“At Wharton, as undergraduates, we got the distinct feeling that anything was possible,” Saul P. Steinberg, W’59, told The Philadelphia Inquirer in 1989. “It turned out to be true.” A noted entrepreneur, financier, philanthropist and esteemed Wharton alumnus, Mr. Steinberg passed away on Dec. 7, 2012 in his Manhattan home. He was 73.
Our distinguished colleague will continue to have an enduring presence at Wharton and the University of Pennsylvania through the buildings that bear his name—Steinberg Hall-Dietrich Hall and Steinberg Conference Center—the support he provided for student financial aid and to endow faculty chairs, and through his legacy of volunteerism. Throughout his lifetime, Mr. Steinberg made overwhelming contributions of time, talent and treasure to Penn and Wharton, which reflected not only his high regard for the School and the University, but his overall commitment to philanthropy.
Mr. Steinberg was an Emeritus Trustee of the University of Pennsylvania and Chair Emeritus of the Board of Overseers at the Wharton School. As a University Trustee, he served on the Executive Committee, the Long-Range Planning Committee, the Facilities and Campus Planning Committee, the Internationalization Committee, and the Nominating Committee, and was Vice Chairman of the Development Committee.
As Chair of the School’s Board of Overseers from 1987-1999, Mr. Steinberg helped shape the School’s international presence. During his tenure, Wharton increased its global focus, creating international immersion programs for students and faculty, and became the first U.S.business school to establish boards in Asia and Europe.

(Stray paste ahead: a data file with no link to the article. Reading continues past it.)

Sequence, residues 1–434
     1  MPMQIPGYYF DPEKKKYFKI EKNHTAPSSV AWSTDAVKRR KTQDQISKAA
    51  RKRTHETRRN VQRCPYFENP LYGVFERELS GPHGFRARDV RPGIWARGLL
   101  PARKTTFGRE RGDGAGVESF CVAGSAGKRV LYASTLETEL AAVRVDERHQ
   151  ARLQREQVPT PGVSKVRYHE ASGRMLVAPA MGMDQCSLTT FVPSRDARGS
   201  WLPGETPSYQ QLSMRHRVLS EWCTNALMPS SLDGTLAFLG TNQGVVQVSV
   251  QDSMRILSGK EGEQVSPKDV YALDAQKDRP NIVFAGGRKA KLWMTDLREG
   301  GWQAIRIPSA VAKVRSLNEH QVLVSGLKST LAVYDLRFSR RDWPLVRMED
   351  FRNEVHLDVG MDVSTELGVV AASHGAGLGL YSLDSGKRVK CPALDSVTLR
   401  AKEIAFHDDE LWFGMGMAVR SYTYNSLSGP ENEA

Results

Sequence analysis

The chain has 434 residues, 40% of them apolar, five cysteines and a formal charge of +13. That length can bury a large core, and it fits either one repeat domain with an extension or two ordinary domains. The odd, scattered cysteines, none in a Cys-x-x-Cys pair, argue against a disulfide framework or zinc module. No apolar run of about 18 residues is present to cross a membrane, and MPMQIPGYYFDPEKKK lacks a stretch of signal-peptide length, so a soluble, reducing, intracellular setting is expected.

Among Mr. Steinberg’s notable gifts to the School were his endowment of the Wharton deanship—the Reliance Professorship of Management and Private Enterprise—and his lead gift to renovate and expand Steinberg Hall-Dietrich Hall. A remarkable benefactor, he funded the Steinberg Conference Center—which houses the Aresty Institute of Executive Education—established the Wharton-Reliance Symposium and founded the PEN at Penn program, which, beginning in 1987, brought a number of literary greats from the PEN American Center to campus as Steinberg Fellows, including George Plimpton, Susan Sontag and Stephen Sondheim. In addition, he provided support for a number of professorships and fellowships that benefited faculty and students at Wharton, the School o fArts and Sciences and the Perelman School of Medicine.
Mr. Steinberg is survived by his wife, Gayfryd and six children.
Editor’s note: Read more about Mr. Steinberg and link to his New York Times obituary at the Wharton News page.